The SQL Server 2008 R2 release date was April 21, 2010. You can download SQL Server free as an evaluation version.
I’ve written a lot about the new features:
- SQL Server 2008 R2 Pricing and Feature Changes – the pricing is going up, but you get new features in Standard Edition.
- SQL Server 2008 R2: Virtualization for Databases – introduces the concept of the DAC Pack and relates it to virtualization.
- Data Tier Applications (DAC Packs) – explains what the DAC Pack means for DBAs.
- R2: Going Into the Clouds – discusses some longer-term implications around what DBAs do.
- SQL Server 2008 R2 Utility Control Point demo – I walk through it on video.
- SQL Server 2008 R2 FAQ – including the license changes for virtualization
I gotta be honest – I think the current implementation of the DAC Pack sucks. I’ll give you just one example that’s a complete showstopper for me – when you deploy a new version of a DAC Pack (aka database), SQL Server renames your old database, creates a new one, and copies all of your data from the old database to the new one.
Got a 100GB database? Better tell your users to go get some lunch. And you’d better not hope something goes wrong in the process, or else they might need to make it a two-martini lunch.
Got any disaster recovery plans for that database? Doing any log shipping or database mirroring? Yeah, that won’t work either, because you’re talking about an all-new database.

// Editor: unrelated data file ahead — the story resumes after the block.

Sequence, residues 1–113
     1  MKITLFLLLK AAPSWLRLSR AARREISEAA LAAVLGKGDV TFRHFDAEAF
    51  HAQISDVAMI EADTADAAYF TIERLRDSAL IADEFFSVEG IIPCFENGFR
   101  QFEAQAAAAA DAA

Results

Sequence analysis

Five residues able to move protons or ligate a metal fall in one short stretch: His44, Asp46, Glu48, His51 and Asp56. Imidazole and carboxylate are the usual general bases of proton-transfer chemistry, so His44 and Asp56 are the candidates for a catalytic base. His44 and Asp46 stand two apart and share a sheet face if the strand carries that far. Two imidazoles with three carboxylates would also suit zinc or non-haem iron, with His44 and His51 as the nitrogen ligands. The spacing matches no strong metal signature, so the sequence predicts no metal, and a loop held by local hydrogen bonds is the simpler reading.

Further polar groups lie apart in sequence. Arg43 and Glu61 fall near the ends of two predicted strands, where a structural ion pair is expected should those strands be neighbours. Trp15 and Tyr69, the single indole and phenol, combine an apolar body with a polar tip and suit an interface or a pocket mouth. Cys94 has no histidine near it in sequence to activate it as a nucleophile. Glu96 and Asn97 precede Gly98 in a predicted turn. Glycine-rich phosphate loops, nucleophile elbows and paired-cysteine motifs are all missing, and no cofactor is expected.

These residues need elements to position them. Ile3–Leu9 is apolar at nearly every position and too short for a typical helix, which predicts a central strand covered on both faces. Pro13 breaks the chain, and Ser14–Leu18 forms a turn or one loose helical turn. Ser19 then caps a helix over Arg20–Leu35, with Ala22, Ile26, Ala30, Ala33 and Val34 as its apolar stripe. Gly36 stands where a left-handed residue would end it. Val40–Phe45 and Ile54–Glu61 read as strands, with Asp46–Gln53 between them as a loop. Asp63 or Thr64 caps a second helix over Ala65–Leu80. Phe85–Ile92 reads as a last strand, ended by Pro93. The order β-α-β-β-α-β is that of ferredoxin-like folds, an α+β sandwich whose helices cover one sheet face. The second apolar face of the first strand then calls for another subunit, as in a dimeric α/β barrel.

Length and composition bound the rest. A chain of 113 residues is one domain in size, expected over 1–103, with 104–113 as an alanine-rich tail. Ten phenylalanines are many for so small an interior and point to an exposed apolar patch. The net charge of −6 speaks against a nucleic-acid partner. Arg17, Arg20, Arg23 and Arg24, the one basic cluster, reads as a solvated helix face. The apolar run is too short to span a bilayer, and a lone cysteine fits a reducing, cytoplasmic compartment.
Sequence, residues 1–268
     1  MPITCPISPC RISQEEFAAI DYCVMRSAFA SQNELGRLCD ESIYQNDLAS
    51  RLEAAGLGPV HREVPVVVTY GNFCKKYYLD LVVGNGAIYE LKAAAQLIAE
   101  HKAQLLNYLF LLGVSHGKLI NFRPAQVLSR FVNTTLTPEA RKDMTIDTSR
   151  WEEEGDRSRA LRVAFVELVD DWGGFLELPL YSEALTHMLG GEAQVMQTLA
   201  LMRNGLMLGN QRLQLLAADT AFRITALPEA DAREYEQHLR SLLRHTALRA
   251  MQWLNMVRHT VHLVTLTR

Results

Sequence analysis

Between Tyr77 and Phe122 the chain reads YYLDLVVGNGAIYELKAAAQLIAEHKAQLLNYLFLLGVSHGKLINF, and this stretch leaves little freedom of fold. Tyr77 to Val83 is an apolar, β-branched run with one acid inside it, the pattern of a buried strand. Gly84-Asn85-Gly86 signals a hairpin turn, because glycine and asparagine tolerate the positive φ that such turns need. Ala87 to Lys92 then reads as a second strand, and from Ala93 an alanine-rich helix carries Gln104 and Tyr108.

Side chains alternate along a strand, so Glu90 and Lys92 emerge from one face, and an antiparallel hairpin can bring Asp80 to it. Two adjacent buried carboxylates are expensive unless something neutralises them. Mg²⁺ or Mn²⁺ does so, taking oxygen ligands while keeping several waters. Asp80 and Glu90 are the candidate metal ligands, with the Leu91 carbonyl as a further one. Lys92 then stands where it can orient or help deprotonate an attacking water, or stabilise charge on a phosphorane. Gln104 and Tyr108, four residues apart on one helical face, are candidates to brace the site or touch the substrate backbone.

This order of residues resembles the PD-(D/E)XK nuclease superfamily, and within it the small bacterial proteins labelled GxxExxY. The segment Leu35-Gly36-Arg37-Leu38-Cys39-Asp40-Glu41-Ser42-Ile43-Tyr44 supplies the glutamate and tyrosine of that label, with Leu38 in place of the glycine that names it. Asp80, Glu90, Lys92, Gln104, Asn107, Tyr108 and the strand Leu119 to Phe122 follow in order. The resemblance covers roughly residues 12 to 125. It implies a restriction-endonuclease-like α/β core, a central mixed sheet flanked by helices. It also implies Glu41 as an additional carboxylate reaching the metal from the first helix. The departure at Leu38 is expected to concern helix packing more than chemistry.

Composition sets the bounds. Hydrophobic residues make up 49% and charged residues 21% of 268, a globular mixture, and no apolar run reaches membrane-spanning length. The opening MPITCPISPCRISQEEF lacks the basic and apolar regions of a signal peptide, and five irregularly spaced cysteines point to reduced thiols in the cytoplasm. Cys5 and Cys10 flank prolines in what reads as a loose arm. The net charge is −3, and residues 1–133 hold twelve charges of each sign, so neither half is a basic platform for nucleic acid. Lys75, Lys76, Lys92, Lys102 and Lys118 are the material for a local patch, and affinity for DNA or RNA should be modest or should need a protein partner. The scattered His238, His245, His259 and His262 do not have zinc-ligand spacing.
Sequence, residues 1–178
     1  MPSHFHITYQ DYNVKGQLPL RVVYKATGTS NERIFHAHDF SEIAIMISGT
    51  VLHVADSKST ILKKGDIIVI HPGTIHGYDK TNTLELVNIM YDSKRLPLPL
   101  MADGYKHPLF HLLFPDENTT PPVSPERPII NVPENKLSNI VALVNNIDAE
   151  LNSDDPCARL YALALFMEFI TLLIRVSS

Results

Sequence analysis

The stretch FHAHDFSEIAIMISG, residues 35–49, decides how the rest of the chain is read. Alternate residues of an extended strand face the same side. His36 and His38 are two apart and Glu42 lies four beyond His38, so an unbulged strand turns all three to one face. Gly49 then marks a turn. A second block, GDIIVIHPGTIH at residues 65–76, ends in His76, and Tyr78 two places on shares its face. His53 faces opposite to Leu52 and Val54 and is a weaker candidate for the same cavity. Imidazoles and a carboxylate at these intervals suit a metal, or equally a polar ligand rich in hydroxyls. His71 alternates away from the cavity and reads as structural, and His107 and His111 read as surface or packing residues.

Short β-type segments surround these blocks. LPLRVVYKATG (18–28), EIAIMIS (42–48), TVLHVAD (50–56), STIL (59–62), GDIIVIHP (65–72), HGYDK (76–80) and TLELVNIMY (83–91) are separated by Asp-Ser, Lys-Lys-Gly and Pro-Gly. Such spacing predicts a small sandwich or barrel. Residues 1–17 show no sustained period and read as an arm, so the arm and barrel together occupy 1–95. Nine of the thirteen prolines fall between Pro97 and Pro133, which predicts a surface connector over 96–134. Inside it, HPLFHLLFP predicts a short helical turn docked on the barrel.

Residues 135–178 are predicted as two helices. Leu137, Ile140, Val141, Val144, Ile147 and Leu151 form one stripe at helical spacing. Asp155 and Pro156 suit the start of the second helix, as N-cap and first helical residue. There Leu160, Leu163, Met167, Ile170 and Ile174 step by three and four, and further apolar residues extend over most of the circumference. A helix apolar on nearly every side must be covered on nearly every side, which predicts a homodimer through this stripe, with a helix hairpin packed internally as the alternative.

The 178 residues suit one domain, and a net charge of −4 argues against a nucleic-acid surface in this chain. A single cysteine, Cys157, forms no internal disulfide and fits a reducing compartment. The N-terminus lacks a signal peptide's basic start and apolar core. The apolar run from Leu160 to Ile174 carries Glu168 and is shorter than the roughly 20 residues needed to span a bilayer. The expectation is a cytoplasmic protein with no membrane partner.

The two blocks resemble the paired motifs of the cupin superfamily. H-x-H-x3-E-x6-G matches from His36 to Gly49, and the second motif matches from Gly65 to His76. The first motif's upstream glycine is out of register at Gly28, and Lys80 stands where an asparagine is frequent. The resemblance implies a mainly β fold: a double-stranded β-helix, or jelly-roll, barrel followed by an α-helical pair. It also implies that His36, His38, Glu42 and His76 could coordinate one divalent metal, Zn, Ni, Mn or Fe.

Just doing a simple stored procedure change, nothing else? Doesn’t matter – SQL Server will copy all the data, every time. It’s like how maintenance plans handle index rebuilds – SQL Server just blindly does a ridiculous amount of work whether it’s needed or not, and no, you can’t have any say in how it works.
I would strongly, strongly advise against using DAC Packs in a production environment. It’s not ready for prime time yet, and I’ve voiced that concern loud and clear to Microsoft. I laugh when I write that, because I’m just a blogger – what the hell difference does my opinion make? The feature’s already baked into the product and it’s got one foot out the door. It sucks because the smart people are going to walk away with a very bad first impression of DAC Packs, and the not-so-smart ones are going to actually implement it and then get burned badly by the upgrade process. But hey – that’s how you get smart, right?
I do love the idea of the DAC Pack, and I’m excited to see how it develops over time. And I really like everything else I’ve seen in R2, too – I don’t have the slightest concern about deploying it in production on the release date. Just go easy on the DAC Packs.
Update: maybe not May 21. I’m hearing secondhand (nothing NDA) that either the audience heard the dates wrong, or Microsoft announced it wrong. I’m showing a couple of tweets below from audience members to support that it was probably the latter.
Who’s the source, Luke?
More news as it happens.
Update April 21: Microsoft scheduled a 7:30 AM Pacific conference call to announce something, but the SQL Server 2008 R2 download page leaked by 6:15, so the cat’s out of the bag.